How to Fix Quotas

For cPanel & WHM version 11.40

Overview

The following steps will help you verify whether certain devices are properly configured for quotas. You will need to add quotas for any device that holds cPanel accounts and does not already have quotas enabled.

PICK Important: You must log in as the root user on your system before you begin.

Run the mount command

Run the mount command to obtain basic information about currently mounted file systems. When you run this command without any arguments, the system will print information for all of its mounted file systems.

The following example of the mount command output shows that the device /dev/mapper/VolGroup00-LogVol00 uses quotas.
PICK Important: Entries that contain usrquota are quota-enabled.

root@host [~]# mount
/dev/mapper/VolGroup00-LogVol00 on / type ext3 (rw,usrquota)
proc on /proc type proc (rw)
sysfs on /sys type sysfs (rw)
devpts on /dev/pts type devpts (rw,gid=5,mode=620)
/dev/sda1 on /boot type ext3 (rw)
tmpfs on /dev/shm type tmpfs (rw)
none on /proc/sys/fs/binfmt_misc type binfmt_misc (rw)
/usr/tmpDSK on /tmp type ext3 (rw,noexec,nosuid,loop=/dev/loop0)
/tmp on /var/tmp type none (rw,noexec,nosuid,bind)
sunrpc on /var/lib/nfs/rpc_pipefs type rpc_pipefs (rw)

note Note: To learn more about the mount command, visit the mount man page..

Examine the fstab file contents

The fstab (file systems table) file is a system configuration file that maps devices to their respective mount points within a system.

To display the contents of /etc/fstab, use the cat command:

cat /etc/fstab

The cat command will print the file output in the command line interface.
PICK Remember: Entries that contain usrquota are quota-enabled.

linux-quotas.png

The fstab system configuration file is divided into six columns that each represent configuration options. These options determine the purpose of each file system and how it should mount.

Column Description
Device The physical device that contains the data.
Mountpoint The path to the device's data storage location. The mount point is a physical location in the partition that functions as the root of the filesystem.
FStype The type of file system. On most servers, ext3 is most often visible.
Options The mount options for the file system. These options include whether quotas are enabled and whether programs can be executed on the device. Examine this column to ensure that quotas are enabled for the device.
Dump The dump option. The dump backup utility uses this option. This value is not important for quotas.
Pass The fsck option. The fsck file checking utility uses this option. This value is not important for quotas.

note Note: To learn more about fstab, visit the fstab man page.

How to enable quotas

After you verify which devices do not have quotas enabled, use the following steps to enable quotas for the desired devices.

Specify quotas in the fstab file

If quotas are not enabled in /etc/fstab, use your preferred text editor to add the string usrquota to the Options column. You may only use spaces and tabs to create blank spaces between entries.

After you make changes to the fstab file, use the mount and remount commands to remount the file system. For example, to remount the /dev/mapper/VolGroup00-LogVol00 device you might issue the following command:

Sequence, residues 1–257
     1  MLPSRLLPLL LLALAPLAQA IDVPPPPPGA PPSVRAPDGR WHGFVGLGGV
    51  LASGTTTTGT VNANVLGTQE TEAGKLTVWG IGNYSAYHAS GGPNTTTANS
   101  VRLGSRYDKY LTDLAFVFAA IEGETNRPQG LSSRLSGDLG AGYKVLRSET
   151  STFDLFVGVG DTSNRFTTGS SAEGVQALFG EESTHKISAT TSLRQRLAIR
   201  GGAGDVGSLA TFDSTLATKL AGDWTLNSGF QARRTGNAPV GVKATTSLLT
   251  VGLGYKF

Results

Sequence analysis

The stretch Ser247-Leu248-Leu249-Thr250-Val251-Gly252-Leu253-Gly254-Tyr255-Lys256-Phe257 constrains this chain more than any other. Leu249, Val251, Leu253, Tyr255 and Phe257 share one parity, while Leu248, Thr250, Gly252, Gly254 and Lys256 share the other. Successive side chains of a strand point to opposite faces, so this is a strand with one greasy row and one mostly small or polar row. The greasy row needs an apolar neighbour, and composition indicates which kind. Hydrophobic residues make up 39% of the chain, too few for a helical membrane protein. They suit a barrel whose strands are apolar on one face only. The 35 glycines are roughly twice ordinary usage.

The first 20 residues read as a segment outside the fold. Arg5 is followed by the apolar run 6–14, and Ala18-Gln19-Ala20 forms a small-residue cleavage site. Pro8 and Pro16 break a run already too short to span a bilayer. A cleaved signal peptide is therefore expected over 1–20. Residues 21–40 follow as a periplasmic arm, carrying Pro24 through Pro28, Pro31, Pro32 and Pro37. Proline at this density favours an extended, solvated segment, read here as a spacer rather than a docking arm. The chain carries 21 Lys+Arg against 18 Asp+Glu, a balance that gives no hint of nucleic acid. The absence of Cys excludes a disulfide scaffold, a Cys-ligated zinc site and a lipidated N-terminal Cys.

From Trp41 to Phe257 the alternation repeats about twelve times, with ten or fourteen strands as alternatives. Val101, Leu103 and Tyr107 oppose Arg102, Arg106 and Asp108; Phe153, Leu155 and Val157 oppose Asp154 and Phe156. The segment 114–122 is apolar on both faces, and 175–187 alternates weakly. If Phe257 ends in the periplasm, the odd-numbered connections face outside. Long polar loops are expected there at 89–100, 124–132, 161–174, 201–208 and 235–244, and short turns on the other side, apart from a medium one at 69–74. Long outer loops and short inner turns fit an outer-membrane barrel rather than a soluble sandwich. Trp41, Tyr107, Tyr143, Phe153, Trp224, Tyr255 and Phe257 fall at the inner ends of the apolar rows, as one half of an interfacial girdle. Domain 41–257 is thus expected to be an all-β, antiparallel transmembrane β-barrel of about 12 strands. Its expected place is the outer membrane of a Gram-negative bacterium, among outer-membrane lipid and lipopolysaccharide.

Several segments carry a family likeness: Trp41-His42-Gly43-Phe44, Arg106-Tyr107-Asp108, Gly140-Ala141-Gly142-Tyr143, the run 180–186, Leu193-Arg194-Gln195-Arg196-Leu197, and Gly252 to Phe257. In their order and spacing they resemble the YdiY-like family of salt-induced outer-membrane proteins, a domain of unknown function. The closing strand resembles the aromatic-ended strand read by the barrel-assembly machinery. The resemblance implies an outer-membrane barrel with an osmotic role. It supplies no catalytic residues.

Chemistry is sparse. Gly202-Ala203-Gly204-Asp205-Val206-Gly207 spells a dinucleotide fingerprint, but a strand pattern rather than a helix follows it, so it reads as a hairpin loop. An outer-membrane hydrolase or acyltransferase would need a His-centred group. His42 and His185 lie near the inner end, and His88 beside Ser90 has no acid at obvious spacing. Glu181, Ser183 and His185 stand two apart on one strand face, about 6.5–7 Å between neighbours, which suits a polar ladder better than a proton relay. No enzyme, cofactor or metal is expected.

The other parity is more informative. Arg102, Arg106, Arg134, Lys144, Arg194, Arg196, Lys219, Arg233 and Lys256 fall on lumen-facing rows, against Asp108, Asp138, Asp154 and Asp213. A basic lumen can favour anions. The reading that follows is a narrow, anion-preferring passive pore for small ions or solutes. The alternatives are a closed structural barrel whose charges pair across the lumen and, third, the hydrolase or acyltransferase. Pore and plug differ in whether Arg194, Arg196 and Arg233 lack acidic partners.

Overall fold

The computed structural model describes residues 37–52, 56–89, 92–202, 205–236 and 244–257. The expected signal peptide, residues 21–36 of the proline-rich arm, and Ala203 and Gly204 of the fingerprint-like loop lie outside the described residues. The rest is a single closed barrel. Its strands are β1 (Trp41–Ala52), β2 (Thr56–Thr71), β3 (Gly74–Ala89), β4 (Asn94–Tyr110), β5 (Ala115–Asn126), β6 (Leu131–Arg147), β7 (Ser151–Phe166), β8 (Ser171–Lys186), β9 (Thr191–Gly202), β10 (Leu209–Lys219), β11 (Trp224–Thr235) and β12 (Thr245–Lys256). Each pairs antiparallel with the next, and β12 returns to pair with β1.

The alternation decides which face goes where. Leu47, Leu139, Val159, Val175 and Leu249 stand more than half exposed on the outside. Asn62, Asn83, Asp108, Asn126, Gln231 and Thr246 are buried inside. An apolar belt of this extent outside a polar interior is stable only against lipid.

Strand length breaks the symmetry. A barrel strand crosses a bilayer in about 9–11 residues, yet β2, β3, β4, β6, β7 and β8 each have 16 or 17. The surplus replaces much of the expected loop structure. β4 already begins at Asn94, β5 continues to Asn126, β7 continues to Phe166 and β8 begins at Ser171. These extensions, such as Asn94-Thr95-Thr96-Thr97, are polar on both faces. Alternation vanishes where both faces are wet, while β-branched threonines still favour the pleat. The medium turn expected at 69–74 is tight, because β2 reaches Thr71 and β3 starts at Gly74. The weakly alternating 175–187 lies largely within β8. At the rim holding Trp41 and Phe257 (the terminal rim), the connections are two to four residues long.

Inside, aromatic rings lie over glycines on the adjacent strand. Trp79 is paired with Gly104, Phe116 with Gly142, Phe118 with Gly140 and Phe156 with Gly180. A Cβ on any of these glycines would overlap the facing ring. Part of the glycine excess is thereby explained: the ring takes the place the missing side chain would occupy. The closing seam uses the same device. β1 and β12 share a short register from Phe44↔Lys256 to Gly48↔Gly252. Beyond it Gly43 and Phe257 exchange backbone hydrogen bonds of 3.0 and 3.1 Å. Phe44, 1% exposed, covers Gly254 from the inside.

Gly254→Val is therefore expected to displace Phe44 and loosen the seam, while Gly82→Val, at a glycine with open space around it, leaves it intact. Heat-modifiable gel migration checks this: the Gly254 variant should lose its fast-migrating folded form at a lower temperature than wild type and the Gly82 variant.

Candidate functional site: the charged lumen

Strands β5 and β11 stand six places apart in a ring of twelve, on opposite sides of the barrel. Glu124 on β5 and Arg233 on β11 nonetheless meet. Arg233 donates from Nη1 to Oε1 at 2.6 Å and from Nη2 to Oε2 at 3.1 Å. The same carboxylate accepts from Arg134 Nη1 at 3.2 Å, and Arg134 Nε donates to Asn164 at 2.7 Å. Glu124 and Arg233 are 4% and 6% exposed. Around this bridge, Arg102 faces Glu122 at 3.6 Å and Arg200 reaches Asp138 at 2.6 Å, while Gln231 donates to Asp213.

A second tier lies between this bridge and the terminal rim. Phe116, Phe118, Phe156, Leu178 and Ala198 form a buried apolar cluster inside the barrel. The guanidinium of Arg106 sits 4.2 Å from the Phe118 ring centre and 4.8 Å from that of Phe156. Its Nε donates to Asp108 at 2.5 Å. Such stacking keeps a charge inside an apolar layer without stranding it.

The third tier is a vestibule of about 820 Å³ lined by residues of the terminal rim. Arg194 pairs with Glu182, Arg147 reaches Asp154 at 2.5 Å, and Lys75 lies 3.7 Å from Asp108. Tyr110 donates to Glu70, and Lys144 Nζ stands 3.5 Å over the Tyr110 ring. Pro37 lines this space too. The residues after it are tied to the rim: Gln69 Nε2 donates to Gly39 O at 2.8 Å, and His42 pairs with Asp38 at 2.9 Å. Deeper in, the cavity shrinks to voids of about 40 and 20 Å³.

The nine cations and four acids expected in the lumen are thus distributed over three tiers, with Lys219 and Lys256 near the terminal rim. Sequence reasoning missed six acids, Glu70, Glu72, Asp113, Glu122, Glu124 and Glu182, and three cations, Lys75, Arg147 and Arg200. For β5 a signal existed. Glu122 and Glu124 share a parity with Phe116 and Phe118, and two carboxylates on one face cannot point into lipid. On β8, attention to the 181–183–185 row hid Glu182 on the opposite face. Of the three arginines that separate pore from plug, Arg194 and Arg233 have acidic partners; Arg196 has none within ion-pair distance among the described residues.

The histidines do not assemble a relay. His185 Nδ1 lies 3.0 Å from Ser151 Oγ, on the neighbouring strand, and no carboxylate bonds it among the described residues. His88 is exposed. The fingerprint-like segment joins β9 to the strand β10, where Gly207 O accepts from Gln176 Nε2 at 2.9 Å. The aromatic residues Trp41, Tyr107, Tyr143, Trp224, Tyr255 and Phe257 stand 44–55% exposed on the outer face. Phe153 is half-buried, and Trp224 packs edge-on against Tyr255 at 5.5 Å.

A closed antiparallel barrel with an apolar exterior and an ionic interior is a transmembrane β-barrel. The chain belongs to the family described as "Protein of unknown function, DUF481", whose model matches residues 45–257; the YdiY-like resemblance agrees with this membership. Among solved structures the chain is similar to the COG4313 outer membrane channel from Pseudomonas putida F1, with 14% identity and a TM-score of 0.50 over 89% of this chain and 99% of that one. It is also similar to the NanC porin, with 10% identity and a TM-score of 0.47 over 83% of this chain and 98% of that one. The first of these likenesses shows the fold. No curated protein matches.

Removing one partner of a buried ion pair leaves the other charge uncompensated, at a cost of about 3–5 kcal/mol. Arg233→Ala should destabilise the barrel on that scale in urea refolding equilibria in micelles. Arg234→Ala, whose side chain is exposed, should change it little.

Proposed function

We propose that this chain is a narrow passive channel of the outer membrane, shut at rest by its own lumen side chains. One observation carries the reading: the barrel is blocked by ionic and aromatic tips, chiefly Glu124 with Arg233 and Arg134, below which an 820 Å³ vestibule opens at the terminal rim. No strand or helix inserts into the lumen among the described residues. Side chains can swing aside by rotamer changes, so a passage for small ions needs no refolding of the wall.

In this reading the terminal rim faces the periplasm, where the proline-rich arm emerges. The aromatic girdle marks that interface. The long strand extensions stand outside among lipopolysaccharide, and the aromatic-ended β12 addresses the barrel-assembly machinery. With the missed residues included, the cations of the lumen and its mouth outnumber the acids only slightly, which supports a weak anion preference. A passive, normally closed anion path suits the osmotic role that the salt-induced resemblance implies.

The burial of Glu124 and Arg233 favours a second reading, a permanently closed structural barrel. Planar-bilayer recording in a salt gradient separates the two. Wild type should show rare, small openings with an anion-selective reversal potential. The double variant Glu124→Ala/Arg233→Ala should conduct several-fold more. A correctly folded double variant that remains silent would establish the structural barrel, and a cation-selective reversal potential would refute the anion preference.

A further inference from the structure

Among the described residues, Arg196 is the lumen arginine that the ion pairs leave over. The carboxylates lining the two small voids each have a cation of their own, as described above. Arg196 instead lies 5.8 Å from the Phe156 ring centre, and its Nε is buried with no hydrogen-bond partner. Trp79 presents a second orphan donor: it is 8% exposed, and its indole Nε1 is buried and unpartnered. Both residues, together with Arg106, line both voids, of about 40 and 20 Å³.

mount -o remount /dev/mapper/VolGroup00-LogVol00

note Note: In this command, -o argument allows you to pass an option to the mount utility. In this example, you pass the remount option and cause the mount utility to immediately remount the file system.

Verify that you enabled quota files

After you edit /etc/fstab, confirm that the quota files are located in the root directory ( /) and that each file is greater than 0 bytes.

Use the ls command with a wildcard, as shown in the following example:

root@host [/]# ls -l /*.user
-rwxr--r-- 1 root root 13312 Apr 26 16:39 /aquota.user*
-rwxr--r-- 1 root root    32 Apr 19 16:26 /quota.user*

note Notes:

  • The example above uses the ls command to list the contents of the root directory (/). The -l flag causes ls output to display in long listing format. This long listing format shows the file's permissions, which user owns the file, which group owns the file, the size of the file in bytes, and the date the file was last modified.
  • If these files do not exist, use the /scripts/initquotas utility to create them.

Ensure quotas report on the system

Use the following command to confirm that you successfully enabled quotas:

repquota -a

This command, when paired with the -a argument, will print all of the file systems listed in /etc/mtab with read/write and quota options enabled.

What if my quotas still do not function?

If you experience further problems, examine /var/cpanel/cpanel.config to ensure that the disablequotacache parameter is set to 0. To do this, run the following command:

grep 'disablequotacache' /var/cpanel/cpanel.config

note Note: The grep utility allows you to search for a string. In the command above, grep searches for diablequotacache in the /var/cpanel/cpanel.config file. The output should appear similar to:

root@host [~]# grep 'disablequotacache' /var/cpanel/cpanel.config
disablequotacache=0

If the disablequotacache parameter is set to 1, edit the cpanel.config file with your preferred text editor and change the value to 0.

If you still experience problems with quotas, use our ticket system to submit a ticket.

A note about Virtuozzo®

If you use Virtuozzo, you will need to enable second-level (per-user) quotas in addition to first-level (per-container) quotas. You must enable second-level quotas from the parent node. For more information, visit our Virtuozzo quotas documentation.

Topic revision: r17 - 18 Oct 2013 - 17:04:42 - Main.LaurenceSimon
AllDocumentation/WHMDocs.HowToFixQuotas moved from Sandbox.HowToFixQuotas on 26 May 2011 - 18:59 by Main.JustinSchaefer - put it back